Visual programs, where employees in the high care areas wear white smocks and those in the low care areas wear red, for instance, can help with oversight and compliance. “But you also need to positively reinforce behavior, which gets to the hot topic of food safety culture,” says Miller. “Is it acceptable to cut through, or is somebody going to stop that person and report what is happening because your team understands the risk? And are you addressing that behavior in a nonpunitive way, and instead explaining why this is important? Companies should be rewarding people who call out safety hazards as well. The primary challenge for facilities that are not designed well in terms of either equipment design or traffic flow is that it takes time and effort to enforce and build that culture.”

Drainage and Sanitation

Drains can a source of contamination if not properly designed, used and maintained. Trench drains are harder to clean and maintain than circular drains. “People sometimes use their drains as a garbage disposal, which provides food for bacteria,” says Miller. “Limit the amount of food going down the drain and, ideally, you want to use a circular drain with stainless steel sieve in high care areas.”

In the past, it was not uncommon for facilities to perform high-pressure cleaning of drains, which can then aerolize the bacteria in the drain. “Use low pressure mechanical or steam cleaning of drains,” says Miller. “Again, this comes back to design. You want to start with well-designed drains and follow good sanitation practices.”

Sanitation and cleaning products used in food processing and manufacturing faciities are regulated and safe to use in the food environment, provided all instructions are followed. “Read chemical labels to make sure you are using the correct concentrations and the correct cleaning/rinse cycle,” says Miller. “The label determines how the cleaning agent should be used and whether it can come in contact with food.”

Companies can help maintain a strong ECP by giving their food safety and quality assurance teams a seat at the table, particularly when developing their capital improvement plans. “If you know a particular piece of equipment is really hard to clean and has been a source of contamination over the last couple of years, how can you repair or redesign that equipment so that it is easier to clean or replace it with something that’s going to be easier to clean?” says Miller. “A key piece of managing food safety is understanding where your highest risk points are, and then making sure those areas are part of your capital improvement plan.”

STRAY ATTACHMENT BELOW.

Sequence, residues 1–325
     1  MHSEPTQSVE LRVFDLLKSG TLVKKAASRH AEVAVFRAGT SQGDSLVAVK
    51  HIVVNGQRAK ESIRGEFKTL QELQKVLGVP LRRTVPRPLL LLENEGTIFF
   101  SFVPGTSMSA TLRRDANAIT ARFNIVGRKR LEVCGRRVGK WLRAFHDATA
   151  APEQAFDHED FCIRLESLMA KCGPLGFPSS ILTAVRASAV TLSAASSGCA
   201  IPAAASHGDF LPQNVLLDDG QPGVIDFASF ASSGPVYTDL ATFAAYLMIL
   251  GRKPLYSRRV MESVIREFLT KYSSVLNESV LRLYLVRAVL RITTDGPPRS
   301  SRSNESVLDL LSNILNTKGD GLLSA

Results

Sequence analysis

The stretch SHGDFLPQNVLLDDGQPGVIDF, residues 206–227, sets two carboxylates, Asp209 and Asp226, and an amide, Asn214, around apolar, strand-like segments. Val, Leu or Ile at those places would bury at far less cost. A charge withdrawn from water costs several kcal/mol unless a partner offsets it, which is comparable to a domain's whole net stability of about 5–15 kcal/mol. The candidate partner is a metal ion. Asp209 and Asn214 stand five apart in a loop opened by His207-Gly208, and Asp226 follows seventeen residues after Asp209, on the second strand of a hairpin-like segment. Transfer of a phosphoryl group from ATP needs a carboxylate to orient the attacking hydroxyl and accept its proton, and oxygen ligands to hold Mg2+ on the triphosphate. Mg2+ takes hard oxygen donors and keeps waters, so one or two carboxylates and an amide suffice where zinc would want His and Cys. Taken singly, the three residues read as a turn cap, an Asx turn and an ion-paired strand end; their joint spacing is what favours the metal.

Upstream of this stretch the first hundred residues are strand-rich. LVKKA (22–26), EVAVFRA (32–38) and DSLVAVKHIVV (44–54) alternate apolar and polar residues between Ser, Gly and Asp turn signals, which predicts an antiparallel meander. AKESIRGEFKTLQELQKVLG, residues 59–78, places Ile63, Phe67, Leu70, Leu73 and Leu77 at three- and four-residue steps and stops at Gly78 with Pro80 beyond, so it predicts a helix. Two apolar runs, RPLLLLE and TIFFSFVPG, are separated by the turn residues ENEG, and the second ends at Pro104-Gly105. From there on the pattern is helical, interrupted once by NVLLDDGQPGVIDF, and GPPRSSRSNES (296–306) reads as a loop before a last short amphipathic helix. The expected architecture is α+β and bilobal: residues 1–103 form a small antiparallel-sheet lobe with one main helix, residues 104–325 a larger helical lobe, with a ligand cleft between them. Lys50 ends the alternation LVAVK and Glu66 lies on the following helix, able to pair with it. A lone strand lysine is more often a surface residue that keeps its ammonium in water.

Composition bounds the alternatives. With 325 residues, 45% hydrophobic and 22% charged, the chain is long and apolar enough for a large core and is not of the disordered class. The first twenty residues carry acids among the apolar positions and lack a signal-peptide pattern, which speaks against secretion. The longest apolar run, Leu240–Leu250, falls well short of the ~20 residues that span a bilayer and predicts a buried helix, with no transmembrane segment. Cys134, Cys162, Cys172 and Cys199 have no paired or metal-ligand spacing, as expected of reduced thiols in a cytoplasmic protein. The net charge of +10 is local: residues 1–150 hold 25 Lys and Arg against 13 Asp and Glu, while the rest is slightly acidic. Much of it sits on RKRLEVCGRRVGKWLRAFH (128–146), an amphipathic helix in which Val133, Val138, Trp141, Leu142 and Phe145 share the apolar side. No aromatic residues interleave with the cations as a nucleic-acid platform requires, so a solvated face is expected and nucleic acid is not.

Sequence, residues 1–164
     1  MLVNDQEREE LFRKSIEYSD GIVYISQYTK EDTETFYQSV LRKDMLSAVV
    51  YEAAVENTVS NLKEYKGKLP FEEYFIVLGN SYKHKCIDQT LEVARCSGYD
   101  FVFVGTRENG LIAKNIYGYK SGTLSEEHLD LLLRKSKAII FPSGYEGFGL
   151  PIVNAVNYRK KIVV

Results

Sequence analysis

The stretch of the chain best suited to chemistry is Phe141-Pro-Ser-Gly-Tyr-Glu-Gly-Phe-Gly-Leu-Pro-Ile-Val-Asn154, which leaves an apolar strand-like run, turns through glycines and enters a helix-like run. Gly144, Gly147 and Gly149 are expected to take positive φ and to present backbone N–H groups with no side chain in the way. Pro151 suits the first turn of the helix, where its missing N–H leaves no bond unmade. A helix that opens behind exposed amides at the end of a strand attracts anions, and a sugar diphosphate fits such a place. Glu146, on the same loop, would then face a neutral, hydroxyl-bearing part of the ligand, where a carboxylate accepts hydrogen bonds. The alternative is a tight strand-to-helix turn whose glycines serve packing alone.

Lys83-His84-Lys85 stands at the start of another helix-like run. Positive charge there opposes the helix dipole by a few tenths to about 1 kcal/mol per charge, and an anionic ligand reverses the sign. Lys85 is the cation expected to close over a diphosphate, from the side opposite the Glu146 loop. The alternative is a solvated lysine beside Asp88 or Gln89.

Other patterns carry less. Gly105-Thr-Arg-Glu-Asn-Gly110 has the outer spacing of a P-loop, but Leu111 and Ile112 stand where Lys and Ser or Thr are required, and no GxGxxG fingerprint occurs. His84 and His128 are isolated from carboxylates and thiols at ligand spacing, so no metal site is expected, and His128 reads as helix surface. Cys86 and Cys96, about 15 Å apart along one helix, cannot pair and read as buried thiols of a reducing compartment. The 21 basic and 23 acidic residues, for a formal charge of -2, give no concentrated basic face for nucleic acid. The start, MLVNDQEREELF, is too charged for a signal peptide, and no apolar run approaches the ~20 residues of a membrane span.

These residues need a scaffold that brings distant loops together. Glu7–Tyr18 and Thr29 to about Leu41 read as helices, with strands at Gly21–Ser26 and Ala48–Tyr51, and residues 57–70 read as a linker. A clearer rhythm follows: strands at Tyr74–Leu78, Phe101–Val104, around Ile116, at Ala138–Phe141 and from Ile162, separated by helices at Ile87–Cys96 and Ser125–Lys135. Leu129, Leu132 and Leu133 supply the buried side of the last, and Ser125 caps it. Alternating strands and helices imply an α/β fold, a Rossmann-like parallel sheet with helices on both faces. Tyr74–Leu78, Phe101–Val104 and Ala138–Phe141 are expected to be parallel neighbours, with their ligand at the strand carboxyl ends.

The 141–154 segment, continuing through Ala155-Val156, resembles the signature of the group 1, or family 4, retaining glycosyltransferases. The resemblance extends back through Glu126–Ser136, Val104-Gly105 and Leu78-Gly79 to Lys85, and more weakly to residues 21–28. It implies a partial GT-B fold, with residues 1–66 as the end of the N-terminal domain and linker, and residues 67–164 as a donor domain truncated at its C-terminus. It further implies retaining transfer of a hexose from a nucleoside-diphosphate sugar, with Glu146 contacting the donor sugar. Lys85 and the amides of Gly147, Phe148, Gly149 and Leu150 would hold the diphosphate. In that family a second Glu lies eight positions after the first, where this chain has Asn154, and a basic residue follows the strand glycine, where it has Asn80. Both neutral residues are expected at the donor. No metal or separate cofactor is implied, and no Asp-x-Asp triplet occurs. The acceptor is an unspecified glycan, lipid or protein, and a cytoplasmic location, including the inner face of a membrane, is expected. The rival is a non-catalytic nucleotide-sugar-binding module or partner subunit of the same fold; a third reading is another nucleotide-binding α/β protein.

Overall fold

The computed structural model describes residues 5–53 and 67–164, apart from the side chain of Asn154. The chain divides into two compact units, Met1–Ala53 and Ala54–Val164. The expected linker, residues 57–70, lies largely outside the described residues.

Darin Detwiler, Northeastern University

ESG and Food Safety

By Food Safety Tech Staff
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Darin Detwiler, Northeastern University

Environmental, Social and Corporate Governance (ESG) is a term that is gaining traction among industry, investors and regulators. We spoke with Darin Detwiler, LP.D., M.A.Ed., assistant teaching professor of food policy and director of the Master of Science in Regulatory Affairs of Food and Food Industries program at Northeastern University’s College of Professional Studies in Boston, to learn more about ESG and its growing visibility in the food and beverage industry.

Food Safety Tech (FST): There has been an increase in coverage of ESG in a variety of industries. What is ESG, and do you see the food and beverage industry embracing these ideas?

Dr. Detwiler: When you talk about the Responsible Corporate Officer (RCO) Doctrine, that has received more attention within the food industry, especially with some increases in Department of Justice activity. When there are outbreaks or recalls, people are asking, is this case an RCO case?

When you look at Peanut Corporation of America and the Jensen Brothers, so many key landmark court cases within the food industry, there were RCO violations. The next layer of the onion is Corporate Social Responsibility. And we can talk about that a great deal. This involves looking at the economic, legal, ethical and the philanthropic responsibilities of companies.

It is not specific to food; it is companies and executives overall. But, unlike RCO, corporate social responsibility has been more theoretical. ESG is a way of quantifying and measuring these components of corporate activity.

Join Darin Detwiler, LP.D, at the Food Safety Consortium on October 19-21 in Parsippany, New Jersey.

FST: How might measuring ESG enhance food safety?

Dr. Detwiler: When you look at the Peanut Corporation of America, for example, nearly 100 charges were filed against the CEO, his brother, the QA manager and three plant managers. And those charges were not about making people sick or killing people. Those charges were fraud, conspiracy and obstruction of justice.